|Locally-queened hive at set-up|
This is our third year of beekeeping and probably our best yet. In 2009, when we started, we bought one package and caught two swarms, one of which landed in our apple tree on Mother's Day. To see our keystone cops-style antics to catch this enormous swarm when we only have maybe two weeks of experience under our belts, click here. The second swarm was much smaller, and didn't survive the turn into winter, leaving a full box of honey. The package bees survived the winter, as did Swarm 1. We were learning, bumbling along, making mistakes, getting stung and learning, and feeling pretty good about our survival rate, all things considered.
We came into 2010 with those two hives, then both queens perished simultaneously in July -- when the hives had been going strong til then. We think they were victims of the poisoning of a wild hive two doors over. Because the queens had died and we didn't catch it soon enough, some of the workers had already deludedly decided that they were queens, laying drone eggs. Any effort to introduce a true queen at that point would have ended in murder and failure. So we were stuck with watching their populations slowly dwindle and die. We had no choice but to let it go and wait til spring to start again.
The point of all of this is to say that to date, we have never had an actual honey harvest. OK, in fall of 2009 when Swarm 2 died off and left us a box of honey, we did crush the comb, strain and bottle the honey. But it wasn't a managed, sustainable harvest, you know? It was just making lemonade out of lemons.
This weekend, though, we managed, finally, to have a harvest, albeit a little one. Which felt really good.
On Friday Joe pulled three full frames of capped honey off our most successful hive -- interestingly, the hive with the Locally-reared queen -- replacing them with three empty frames with beeswax foundation. He left plenty-plenty of honey stores in the hive and, by taking off frames, ensured that the bees have space and don't decide that abundance = time to split. Sadly, I was unable to participate in that particular operation, since I was chained to a spreadsheet at work until 6 yesterday afternoon. :(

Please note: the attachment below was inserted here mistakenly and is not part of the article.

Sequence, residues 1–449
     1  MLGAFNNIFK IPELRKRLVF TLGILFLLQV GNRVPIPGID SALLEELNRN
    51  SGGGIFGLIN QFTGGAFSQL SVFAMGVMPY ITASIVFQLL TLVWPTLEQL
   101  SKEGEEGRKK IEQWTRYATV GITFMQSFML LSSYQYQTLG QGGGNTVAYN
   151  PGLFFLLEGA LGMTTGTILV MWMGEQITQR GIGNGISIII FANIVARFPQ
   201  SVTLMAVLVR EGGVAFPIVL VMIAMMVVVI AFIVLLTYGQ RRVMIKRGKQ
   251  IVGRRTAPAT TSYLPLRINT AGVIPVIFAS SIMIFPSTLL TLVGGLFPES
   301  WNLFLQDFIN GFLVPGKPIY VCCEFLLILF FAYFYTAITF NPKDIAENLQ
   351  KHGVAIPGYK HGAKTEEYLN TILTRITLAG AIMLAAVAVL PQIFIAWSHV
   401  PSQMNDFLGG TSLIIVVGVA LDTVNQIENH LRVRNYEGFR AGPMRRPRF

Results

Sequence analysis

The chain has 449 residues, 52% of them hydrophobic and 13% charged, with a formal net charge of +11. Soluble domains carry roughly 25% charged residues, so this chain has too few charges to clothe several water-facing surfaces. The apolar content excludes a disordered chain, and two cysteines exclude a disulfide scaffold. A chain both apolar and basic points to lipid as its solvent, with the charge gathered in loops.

Leaving us with three frames of honey to process. Here is just one of those frames, weighing in at between 5-6 pounds.
We used a very old-school harvest technique that consists of breaking the comb out of the frame into a nylon sieve placed in a special 5-gallon bucket with a tap and shut-off valve. Here's that same frame about to be crushed into the waiting bucket.
I don't have photos of the actual crush so you'll just have to imagine Joe and me sitting in the garage on little folding metal chairs left over from when The Kid was really a kid, knees wide and scootched up as close to the harvest bucket as possible, while we crushed comb and honey between our fingers into as uniform a mash as possible. It's a super-gooey experience, drippy, honey to your elbows, honey on whatever clothes you're wearing, honey on the floor, honey in your hair.
And naturally, into your mouth, in as sanitary a fashion as possible, always conscious that the product of this harvest will feed us and others. It never ceases to taste miraculous, but I think I like it best when it's closest to its origin, when it's still mixed with wax, still recognizable as the work of our bees, little alchemists transmuting flowers into liquid gold.
Once the crush was done, then Joe squeezed and squeezed the nylon sieve, honey pouring out. Right now the ball of wax and honey is sitting atop the bucket, the remaining honey draining out slowly. We think those three frames will yield a neat gallon of honey.
Sometime tomorrow we'll check again as the day warms up, and see where things stand. And then open the tap and start filling bottles! Yay!!